The alternative is documented here. This shows how to test an object for support and also call an interface function. In your code you seem to want to just store an interface pointer. Without making a C++ base you can’t do this directly, but you can test for the interface, and then store a UObject pointer. Later when you come to use it, you call the interface functions as shown on the wiki. For example:


Clearly this isn’t ideal. It would be really nice if someone from Epic would weigh in on this situation. A lot of people have struggled with it, as can be seen here.

Wow , thanks for such a detailed response and taking your time to help make some sense of this.

I was wondering if it was something having to do with the engine since Interfaces. That’s a bummer but I noticed this article was posted back during 4.3, man.

, can you weigh in on this one? Also, can you check in w/ any devs and ask if Epic is going to spend any time improving how interfaces work in the engine any time in the near future?

Thanks and , thanks again for taking your time to fill me in that others have experienced this and pointing me to that article. It gives me some options on how to proceed.

Much appreciated! :slight_smile:

Hi and ,

From what I understand and have been told by others who are familiar w/ Interfaces in C++, there isn’t a way around doing it this way. The only option would be to inherit from the interface that you wish to cast to. Unfortunately there isn’t another way around this other than making another class just to do this which, from my perspective, would be a waste when you could inherit directly. I will look into getting more documentation written up that can explain how this particular element of the engine works.

Hope this helps,

Thanks for the response . For me, the issue is that the whole point of an interface is to abstract away from an object’s type - we neither know nor care what its type is, only that it implements the interface. But with the current approach, this isn’t possible - we need to know in advance that an object implements the interface in C++ (rather than in BP) in order to cast it.

Having thought about it, I can see that it is indeed probably impossible to find a way to cast a blueprint object implementing an interface on the C++ level. However, I believe it is at least possible to create some wrappers that would allow us to code this in a more intuitive way. I’m sending you a PM on the forums relating to this.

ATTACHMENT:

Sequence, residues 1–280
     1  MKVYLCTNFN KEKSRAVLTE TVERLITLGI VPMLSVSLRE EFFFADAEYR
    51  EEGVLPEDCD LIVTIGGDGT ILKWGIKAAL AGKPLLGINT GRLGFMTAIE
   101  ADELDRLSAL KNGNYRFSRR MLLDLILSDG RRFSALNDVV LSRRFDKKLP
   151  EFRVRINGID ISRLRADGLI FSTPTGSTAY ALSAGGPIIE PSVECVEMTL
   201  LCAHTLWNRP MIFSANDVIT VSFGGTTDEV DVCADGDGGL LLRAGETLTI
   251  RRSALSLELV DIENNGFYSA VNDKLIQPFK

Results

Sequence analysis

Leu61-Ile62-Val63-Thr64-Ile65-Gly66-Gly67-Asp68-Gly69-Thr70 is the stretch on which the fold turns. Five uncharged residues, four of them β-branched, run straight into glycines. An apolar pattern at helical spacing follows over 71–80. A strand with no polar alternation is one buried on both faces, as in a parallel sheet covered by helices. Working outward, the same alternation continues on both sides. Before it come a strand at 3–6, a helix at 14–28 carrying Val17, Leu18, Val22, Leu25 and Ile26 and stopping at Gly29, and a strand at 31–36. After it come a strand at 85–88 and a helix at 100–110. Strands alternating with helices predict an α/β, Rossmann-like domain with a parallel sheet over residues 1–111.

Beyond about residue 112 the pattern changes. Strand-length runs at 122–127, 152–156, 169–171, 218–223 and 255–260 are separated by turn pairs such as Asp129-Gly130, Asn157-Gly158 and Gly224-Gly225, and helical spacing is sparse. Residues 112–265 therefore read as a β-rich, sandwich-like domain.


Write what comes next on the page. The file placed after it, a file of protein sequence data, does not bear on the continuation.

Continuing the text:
Regardless, some better documentation on interfaces would be much appreciated. Cheers.

Thanks for chiming in on this one Matt and much appreciated.

The only problem with that as mentioned is it unfortunately defeats the point of having an interface in the first place. Even if the type inherits the interface in Blueprints, it’s still inheriting on the parent level and should be able to be cast to regardless.

I would like to hopefully think this wouldn’t be impossible :slight_smile: but fingers crossed interfaces in UE4 get better down the line.

In worst case, it forces me to create a base class for anything I want to cast to in this case which isn’t that big of a deal, but would be nice if avoidable.

, keep us posted if your idea for use of a wrapper works.

In regards to the private message. I would recommend that you submit a pull request to have this wrapper added as it is related to actually editing source code to have this implemented. This would be the usual route for changes to be added via user suggestion when the user has a working prototype and it seems that you’re in this position.

That would be great if your idea works and best of luck. If you need a hand, I’d be glad to help tackle that one with you.

Hopefully there is a way to get access to the underlying UFUNCTION pointers from the BP type. I’d say go ahead and this resolved and I’ll keep my eyes peeled for any future updates to interfaces.

Thanks Matt on helping shed some light on this. It’s a bummer but the workaround isn’t that much more work and there is hope down the line.

It has been mentioned that some of the Epic Devs are looking at ways to make Blueprints compile down to C++ and if that ends up making its way in eventually, then it absolutely will be possible at that point for sure.

Thanks guys and best of luck of the wrapper :slight_smile: